1.      Ken Burns, Jazz. Book and 10-art film series. See also the many CDs called, Ken Burns Jazz collection, which features artist such as Miles Davis, John Coltrane, Duke Ellington, Charlie Parker, and many others.
2.      Ted Gioia, The Jazz Standards.
3.      Douglas Groothuis, “How Jazz Can Shape Apologetics,” Defend Magazine:
4.      Douglas Groothuis, “The Virtues of Jazz,” All About Jazz:
5.      Douglas Groothuis, “How Teachers Can Swing in the Classroom” All About Jazz,
6.      Robert Gelinas, Finding the Grove: Composing a Jazz-Shaped Faith.
7.      Kevin Whitehead, Why Jazz? A Concise Introduction.

Drum Mastery by Hamid Drake

Hamid Drake is a master drummer. Observe and listen to this drum solo. Consider this dynamic range, desterity, nuances, technique, and change of moods. He used the sticks, brushes, and mallots in ways I have never seen before. Enjoy and be thankful.

Monday, September 29, 2014

Jazz Pedagogy

The prestigious web page, All About Jazz, has published my essay, "Jazz Pedagogy."

Monday, June 16, 2014

The Virtues of Jazz

Jazz Weekly just posted my essay, "The Virtues of Jazz," which gives a unique approach to jazz and ethics. I hope you will read it and respond.

Monday, May 19, 2014

On Jazz Drumming--and Life

There is a fine, but bright, line between
sophisticated syncopation (loving the beat)
and losing the beat.

Tuesday, February 11, 2014

Two Virtues of Jazz

The distinctive virtues of jazz can be transposed from music into other spheres of life, other disciplines that call for excellence. Listening and performing jazz music is a gift, but the very nature of jazz can teach how to live better lives. Consider these virtues:

First, jazz requires a serious knowledge of the history of the music (the standards and the virtuosi) as well as the structure of various forms of jazz, such as swing, be-bop, modal, and more. One cannot play good jazz on the cheap and fool anyone who knows the genre, its roots, and its fruits. Phonies need not apply. The masters exhibit a focus on aesthetic value that is transferable to other matters. Just as John Coltrane practiced incessantly and explored the inner and outer reaches of jazz, a writer may seek excellence through the knowledge of literature, style, grammar, vocabulary, and more.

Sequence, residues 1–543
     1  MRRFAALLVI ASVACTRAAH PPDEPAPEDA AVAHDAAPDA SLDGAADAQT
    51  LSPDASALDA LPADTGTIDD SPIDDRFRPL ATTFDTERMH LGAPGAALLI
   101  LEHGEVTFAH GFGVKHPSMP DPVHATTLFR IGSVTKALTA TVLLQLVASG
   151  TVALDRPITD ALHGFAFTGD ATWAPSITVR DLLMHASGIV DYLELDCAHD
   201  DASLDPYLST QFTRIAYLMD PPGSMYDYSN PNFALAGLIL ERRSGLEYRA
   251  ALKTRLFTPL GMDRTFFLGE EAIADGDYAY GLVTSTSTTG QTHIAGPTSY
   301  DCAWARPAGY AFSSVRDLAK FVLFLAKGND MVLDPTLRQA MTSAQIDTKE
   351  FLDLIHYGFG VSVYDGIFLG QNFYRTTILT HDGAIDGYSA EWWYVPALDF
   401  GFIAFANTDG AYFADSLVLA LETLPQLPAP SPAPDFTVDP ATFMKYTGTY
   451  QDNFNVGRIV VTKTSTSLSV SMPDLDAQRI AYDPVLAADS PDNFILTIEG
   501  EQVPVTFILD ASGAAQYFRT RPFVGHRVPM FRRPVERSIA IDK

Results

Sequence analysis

Second, this centered concentration on one thing (which is a very big thing) allows musicians to find their own voice, their unique style of playing and composing, whether on drums, piano, saxophone, trumpet, organ, vibes, or even harp and tuba. Finding a voice transcends both mere novelty and robotic and slavish imitation. Pat Metheny, who exudes a distinctive sound if anyone does, said that he was much influenced by Wes Montgomery--so much so that he could play Montgomery solos note for note. This is no easy thing for anyone! But Metheny added that this is not the point of jazz. One finds a voice by listening to and learning from others, but the music (if jazz) needs to find a singular expression in the individual player.

The need for finding one's own voice is not limited to jazz or even to artistic performances in general. Since each person is a unique incarnation of objective value and potential, every person can draw on the gifts of the world to shape a style that fits one's personality and which resonates with the higher harmonies of existence. A true voice cannot be contrived; it, rather, emerges through sustained effort and time. This emergence cannot be charted or predicted. Serendipity strikes where it will, but it cannot strike those unwilling to risk failure for the sake of excellence.

I hope to continue this theme in the days to come.